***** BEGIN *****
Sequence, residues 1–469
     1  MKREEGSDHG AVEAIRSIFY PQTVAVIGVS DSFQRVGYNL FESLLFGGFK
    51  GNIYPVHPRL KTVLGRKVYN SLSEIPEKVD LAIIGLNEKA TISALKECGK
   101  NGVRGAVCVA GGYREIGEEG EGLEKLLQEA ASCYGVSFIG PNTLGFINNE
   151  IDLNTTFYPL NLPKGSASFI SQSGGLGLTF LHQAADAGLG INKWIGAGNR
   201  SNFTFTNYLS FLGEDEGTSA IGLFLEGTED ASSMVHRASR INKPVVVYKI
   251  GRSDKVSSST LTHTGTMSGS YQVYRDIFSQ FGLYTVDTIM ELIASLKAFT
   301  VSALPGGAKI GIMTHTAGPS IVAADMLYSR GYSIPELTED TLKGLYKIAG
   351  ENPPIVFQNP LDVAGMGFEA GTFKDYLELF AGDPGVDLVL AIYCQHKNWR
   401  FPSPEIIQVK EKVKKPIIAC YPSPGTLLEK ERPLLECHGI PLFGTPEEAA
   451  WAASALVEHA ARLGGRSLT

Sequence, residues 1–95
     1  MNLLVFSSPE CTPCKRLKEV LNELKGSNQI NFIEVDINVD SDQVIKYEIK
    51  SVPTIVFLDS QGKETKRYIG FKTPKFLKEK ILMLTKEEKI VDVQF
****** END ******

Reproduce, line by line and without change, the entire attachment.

Sequence, residues 1–469
     1  MKREEGSDHG AVEAIRSIFY PQTVAVIGVS DSFQRVGYNL FESLLFGGFK
    51  GNIYPVHPRL KTVLGRKVYN SLSEIPEKVD LAIIGLNEKA TISALKECGK
   101  NGVRGAVCVA GGYREIGEEG EGLEKLLQEA ASCYGVSFIG PNTLGFINNE
   151  IDLNTTFYPL NLPKGSASFI SQSGGLGLTF LHQAADAGLG INKWIGAGNR
   201  SNFTFTNYLS FLGEDEGTSA IGLFLEGTED ASSMVHRASR INKPVVVYKI
   251  GRSDKVSSST LTHTGTMSGS YQVYRDIFSQ FGLYTVDTIM ELIASLKAFT
   301  VSALPGGAKI GIMTHTAGPS IVAADMLYSR GYSIPELTED TLKGLYKIAG
   351  ENPPIVFQNP LDVAGMGFEA GTFKDYLELF AGDPGVDLVL AIYCQHKNWR
   401  FPSPEIIQVK EKVKKPIIAC YPSPGTLLEK ERPLLECHGI PLFGTPEEAA
   451  WAASALVEHA ARLGGRSLT

Sequence, residues 1–95
     1  MNLLVFSSPE CTPCKRLKEV LNELKGSNQI NFIEVDINVD SDQVIKYEIK
    51  SVPTIVFLDS QGKETKRYIG FKTPKFLKEK ILMLTKEEKI VDVQF